LAHORE, Pakistan — A Pakistani court on Friday ordered an American official, arrested in the killing of two Pakistanis, to be held for another two weeks while the authorities prepared charges in what the police called a “coldblooded” murder.
The official, Raymond A. Davis, 36, whose arrest has cast a chill over relations between the United States and Pakistan, said he acted in self-defense when he shot the men in an attempted daylight robbery on Jan. 27.
After a 30-minute, closed-door court hearing, the Lahore city police chief, Aslam Tareen, said that Mr. Davis had committed “coldblooded” murder, a statement that appeared likely to further inflame the highly contentious case. Mr. Davis was transferred to a crowded city jail to await formal charges.
A lawyer for Mr. Davis, Hassam Qadir, asked Judge Aneeq Anwar Chaudry of the Municipal Court to adhere to the principles of diplomatic immunity and release Mr. Davis. The State Department has repeatedly said that he is protected by diplomatic immunity under the Vienna Convention and must be released immediately.
In a statement on Friday night, the senior American official posted to Lahore, Carmela Conroy, who heads the consulate there, described the shooting as “a tragedy.” At the same time, she criticized the Pakistani authorities for ignoring what she called eyewitness accounts and physical evidence, including the police statement that one of the assailants carried a loaded gun. Mr. Davis was entitled to “full immunity from criminal prosecution,” and under the rules of diplomacy should be freed immediately, she said.
In response to the American demands for Mr. Davis’s release, Pakistani officials say he will be dealt with in the courts.
Although senior Pakistani officials agree in private that Mr. Davis, who carries a diplomatic passport, is protected by the Vienna Convention, they appear unable or unwilling to enforce the protocol, according to senior American officials.
The civilian government of President Asif Ali Zardari is being assailed daily in the news media about the case, and the cause of the two dead men has been taken up by right-wing religious parties.
The Pakistani military and security apparatus appear to be willing to allow the Davis case to dominate the relationship with Washington for the moment, American and Pakistani officials said. That way, Pakistan can wring concessions on the breadth of the presence of American security officials and contractors in Pakistan, an issue that is at the center of deepening antagonism among the Pakistani public toward the United States, according to the officials.
American officials said that two armed men threatened Mr. Davis when he was driving alone on a busy Lahore road, and that he fired in self-defense.
The statement on Friday night said that Mr. Davis was assigned as an “administrative and technical” member of the staff at the American Embassy in Islamabad. But his exact duties have not been explained, and the reason he was driving alone with a Glock handgun, a pocket telescope and GPS equipment has fueled speculation in the Pakistani news media.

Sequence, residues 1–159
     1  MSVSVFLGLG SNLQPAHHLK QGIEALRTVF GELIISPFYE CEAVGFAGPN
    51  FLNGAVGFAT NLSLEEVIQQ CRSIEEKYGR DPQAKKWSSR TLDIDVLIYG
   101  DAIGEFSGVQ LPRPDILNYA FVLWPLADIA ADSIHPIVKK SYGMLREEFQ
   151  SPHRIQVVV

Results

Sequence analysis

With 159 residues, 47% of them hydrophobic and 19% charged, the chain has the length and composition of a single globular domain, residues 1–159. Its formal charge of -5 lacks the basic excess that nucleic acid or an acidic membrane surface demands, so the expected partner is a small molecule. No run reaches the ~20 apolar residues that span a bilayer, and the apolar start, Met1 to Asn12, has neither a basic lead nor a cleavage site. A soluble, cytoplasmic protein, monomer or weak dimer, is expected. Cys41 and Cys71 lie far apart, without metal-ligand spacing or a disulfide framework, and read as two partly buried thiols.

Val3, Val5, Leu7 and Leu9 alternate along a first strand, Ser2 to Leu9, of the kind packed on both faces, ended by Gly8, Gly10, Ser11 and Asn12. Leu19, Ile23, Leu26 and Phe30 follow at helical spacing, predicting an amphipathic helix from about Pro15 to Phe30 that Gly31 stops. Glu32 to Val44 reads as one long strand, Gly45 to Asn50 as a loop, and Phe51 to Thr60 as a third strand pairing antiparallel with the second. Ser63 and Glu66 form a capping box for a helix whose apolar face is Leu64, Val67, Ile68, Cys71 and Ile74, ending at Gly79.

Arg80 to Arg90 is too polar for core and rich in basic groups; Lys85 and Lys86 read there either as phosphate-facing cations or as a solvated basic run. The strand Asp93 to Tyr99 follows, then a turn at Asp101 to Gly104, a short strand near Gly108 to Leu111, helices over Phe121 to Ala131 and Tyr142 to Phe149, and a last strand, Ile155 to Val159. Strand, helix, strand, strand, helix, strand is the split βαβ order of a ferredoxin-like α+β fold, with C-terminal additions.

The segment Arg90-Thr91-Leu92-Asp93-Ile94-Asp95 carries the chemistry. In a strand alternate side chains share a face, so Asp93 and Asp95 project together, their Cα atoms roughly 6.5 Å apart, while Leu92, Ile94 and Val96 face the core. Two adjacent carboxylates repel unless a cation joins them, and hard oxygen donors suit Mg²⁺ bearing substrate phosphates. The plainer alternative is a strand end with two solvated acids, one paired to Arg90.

Secretary of State Hillary Rodham Clinton has warned the Pakistani government in telephone calls to Mr. Zardari that the continued detention of Mr. Davis threatened the foundations of the strategic relationship between the two countries.
As the United States government argued for Mr. Davis’s release, photographs and video from his camera and his cellphone were shown on two Pakistani television channels in what appeared to be deliberate leaks by the Pakistani security forces.
Several images showed one of the two men, Faizan Haider, lying on the road after he had been shot, a pistol in his hand.
Other photographs showed the road near Lahore that leads to the border with India, old military bunkers along the road and office buildings in the city.
The video taken shortly after Mr. Davis was detained included his voice asking the police the whereabouts of his passport. In the video, he is heard saying he works as a consultant at the United States Consulate in Lahore.
Mr. Davis, who arrived at the court in an armored van with tight security, was kept away from the news media.
While in detention, he will be segregated from the rest of the prisoners but will not be allowed access to the Internet or a cellphone, a senior government official said. Mr. Davis wore a gray suit and tie in court on Friday, in contrast to the checked shirt and jeans he was wearing when he was arrested, according to a lawyer who attended the session.
“By the book,” was how the official described the treatment of Mr. Davis in the jail that housed Zulfikar Ali Bhutto, the former president and prime minister, and, in the early 1990s, Mr. Zardari, who was held on corruption charges that he has contended were politically motivated and never proven.
Waqar Gillani reported from Lahore, and Jane Perlez from Mingora, Pakistan.